Hand Tools doings #19: Sharpening frustrations

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Blog entry by Betsy posted 04-24-2008 04:54 AM 1753 reads 0 times favorited 15 comments Add to Favorites Watch
« Part 18: Sharpening Part 19 of Hand Tools doings series Part 20: Sharpening - from frustration to pretty close to elation »

OK——so last time I told you I was able to get a mirror finish on the backs of my chisels. That’s all swell and nice——I can see my ugly mug in chisels now…... But I daresay my bevels are not fairing quite so well.

I have the Veritas system honing jig and am using the scary sharp system up to 600 wet/dry paper and finishing on a 8000 water stone. The jig I understand and am sure I am using it correctly. I am making uniform scratches along the bevel—- but not turning a burr. I tried 3 or 4 chisels this way and no burr. Then I tried to sharpen without a jig and viola! a burr.

So guys what may be the problem with the jig. I have reread the instructions and have placed the chisel in the jig as instructed and have confirmed that the bevel is flat on the paper. But still no burr.

Then I read spaides blog—- where if he can do it anyone can do it. I am thinking my name is not “anyone.” I’m falling under “that other one” personhood.

Trouble shoot for me guys, please. Give me some ideas of what I’m doing wrong.

I have my Kelly Mehler class in a few weeks and I would rather have my chisels a little more respectable then they are now.


-- "Our past judges our present." JFK - 1962; American Heritage Magazine

15 comments so far

View jjohn's profile


390 posts in 3856 days

#1 posted 04-24-2008 05:10 AM

My guess would be that if you can put an edge on the chisel without the jig that the jig might not be a quite the correct angle. Just guessing though. Let’s see what others say before you take my word for it.

-- JJohn

View Betsy's profile


3391 posts in 4038 days

#2 posted 04-24-2008 05:11 AM

Thanks JJ

-- "Our past judges our present." JFK - 1962; American Heritage Magazine

View Eric's profile


875 posts in 3926 days

#3 posted 04-24-2008 07:52 AM

Maybe it’s not the jig?

When I was taking a class on sharpening, I was told that on the scale of grits, you can only skip one level at a time. So, in this guy’s opinion (he studied under Tage Frid so he at least knows a couple things), you are probably skipping too many grits on your way to 8000.

If I understood this guy right, you could go from 600 to 1200 (skipping 800), and then to 6000 (skipping 4000), or do 4000 and skip 6000 on your way to 8000.

Finally…are you using a nagura stone on the 8000-grit stone?

-- Eric at

View Dorje's profile


1763 posts in 4139 days

#4 posted 04-24-2008 08:30 AM

I’d look good and hard at where the edge of that bevel lands on the paper or stone when in the jig. If it is set to the right angle, or a degree or so higher, I’d think you’d have a burr within a few strokes, pull it off on the stone you polished up that back on and move on to the next…

I don’t think the grit has to do with not getting a burr…if you’re sharpening an edge, you oughtta get a burr regardless of grit, whether it’s 220, 400, 600, 1000, 4000, 8000 (tho the burr from the 8000 might be slighlty harder to detect)...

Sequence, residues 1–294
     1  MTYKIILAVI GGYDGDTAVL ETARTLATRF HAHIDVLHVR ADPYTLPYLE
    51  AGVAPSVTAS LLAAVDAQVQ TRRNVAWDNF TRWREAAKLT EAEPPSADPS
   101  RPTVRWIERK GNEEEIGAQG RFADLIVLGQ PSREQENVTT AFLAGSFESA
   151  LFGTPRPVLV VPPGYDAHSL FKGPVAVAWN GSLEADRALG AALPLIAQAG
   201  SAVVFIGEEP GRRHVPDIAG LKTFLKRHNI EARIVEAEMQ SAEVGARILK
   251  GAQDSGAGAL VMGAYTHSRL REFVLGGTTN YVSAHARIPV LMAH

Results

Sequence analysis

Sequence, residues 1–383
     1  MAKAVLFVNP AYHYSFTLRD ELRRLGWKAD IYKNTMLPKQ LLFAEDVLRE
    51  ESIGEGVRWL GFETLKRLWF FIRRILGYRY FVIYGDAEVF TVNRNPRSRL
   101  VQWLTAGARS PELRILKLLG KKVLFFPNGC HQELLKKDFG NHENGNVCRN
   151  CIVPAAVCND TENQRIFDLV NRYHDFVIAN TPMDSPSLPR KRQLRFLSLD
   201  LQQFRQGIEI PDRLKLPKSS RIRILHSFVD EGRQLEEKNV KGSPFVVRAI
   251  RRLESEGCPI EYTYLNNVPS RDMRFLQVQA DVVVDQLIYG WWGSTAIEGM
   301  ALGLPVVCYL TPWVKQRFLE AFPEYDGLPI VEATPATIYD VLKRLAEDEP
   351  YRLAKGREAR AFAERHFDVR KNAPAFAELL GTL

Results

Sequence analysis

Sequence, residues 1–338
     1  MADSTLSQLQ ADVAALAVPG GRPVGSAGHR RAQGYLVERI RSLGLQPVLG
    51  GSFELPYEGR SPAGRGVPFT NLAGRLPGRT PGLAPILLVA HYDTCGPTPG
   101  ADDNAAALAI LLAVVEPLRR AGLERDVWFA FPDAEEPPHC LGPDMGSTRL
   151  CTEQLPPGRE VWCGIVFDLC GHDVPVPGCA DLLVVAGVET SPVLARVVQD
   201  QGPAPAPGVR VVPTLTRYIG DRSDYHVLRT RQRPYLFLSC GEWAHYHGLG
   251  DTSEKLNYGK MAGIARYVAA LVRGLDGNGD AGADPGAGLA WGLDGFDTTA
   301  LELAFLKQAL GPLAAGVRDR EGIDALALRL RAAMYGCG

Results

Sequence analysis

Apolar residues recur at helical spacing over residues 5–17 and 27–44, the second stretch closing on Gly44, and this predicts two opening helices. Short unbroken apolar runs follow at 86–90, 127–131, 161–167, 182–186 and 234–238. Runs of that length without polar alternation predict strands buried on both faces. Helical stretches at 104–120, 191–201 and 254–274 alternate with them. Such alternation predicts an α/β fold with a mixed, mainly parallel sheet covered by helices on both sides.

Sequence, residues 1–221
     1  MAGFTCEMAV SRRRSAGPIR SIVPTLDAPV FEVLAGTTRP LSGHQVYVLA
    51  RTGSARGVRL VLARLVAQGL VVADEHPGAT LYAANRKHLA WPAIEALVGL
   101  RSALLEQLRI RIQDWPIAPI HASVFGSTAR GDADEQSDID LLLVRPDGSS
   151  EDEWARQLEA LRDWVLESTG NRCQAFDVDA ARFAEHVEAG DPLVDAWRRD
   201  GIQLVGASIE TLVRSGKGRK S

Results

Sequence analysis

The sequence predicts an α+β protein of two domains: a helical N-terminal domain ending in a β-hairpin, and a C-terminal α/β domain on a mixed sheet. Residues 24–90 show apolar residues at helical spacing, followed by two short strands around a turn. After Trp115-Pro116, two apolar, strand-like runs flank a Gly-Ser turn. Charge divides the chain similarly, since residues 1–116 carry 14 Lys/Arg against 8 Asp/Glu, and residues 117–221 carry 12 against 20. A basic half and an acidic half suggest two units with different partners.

If your primary bevel angle has been established, you shouldn’t have to work your way up to 600, but rather you should be able to get away with starting at about 1000, pull the burr off and head to the 8000. (I use a 1000 followed by a 6000 with very satisfactory results).

-- Dorje (pronounced "door-jay"), Seattle, WA

View Steelmum's profile


355 posts in 4104 days

#5 posted 04-24-2008 01:23 PM

When I first tried using a sharpening jig I had trouble with the chisel slipping. I would get everything set up properly and after double checking, I would move it to the stone and it would slip. One slip and it is no longer touching properly.

-- Berta in NC

View Lakey's profile


97 posts in 3914 days

#6 posted 04-24-2008 02:34 PM

Geez Betsy – I feel your frustration. You are getting a lot of advice from many directions and it’s hard without a demo. Have you looked at any DVDs or online video tutorials? This is my step-by-step evaluation, and I’m probably going to repeat what other folks have already said, so bear with me. Question first – did you already hollow grind your chisels on a grinding wheel? If so, then …

1. After you put the chisel in the guide and before you tighten it, put them on a piece of MDF or something flat and adjust the chisel in the guide until the bevel is flat on the MDF, then tighten the sucker down. This just helps set-up a little.

2. You can start honing the bevel on a 1000 grit stone – skip the lower grit, it won’t help and might be contributing to the problem. Put the bevel flat on the stone, just like on the MDF, press down firmly on the bevel, and PULL the whole thing toward you, with constant pressure on the bevel. Keep doing this – press on the bevel and pull toward you – it’s much easier to control on the pull stroke. Do this maybe 15 times and then feel the back of the bevel with your fingernail. You’re looking for a little wiry edge, not a great big burr. All this means is that you have successfully removed some steel. When you feel this wire/burr, move to the next stone. I go from 1000 to 4000.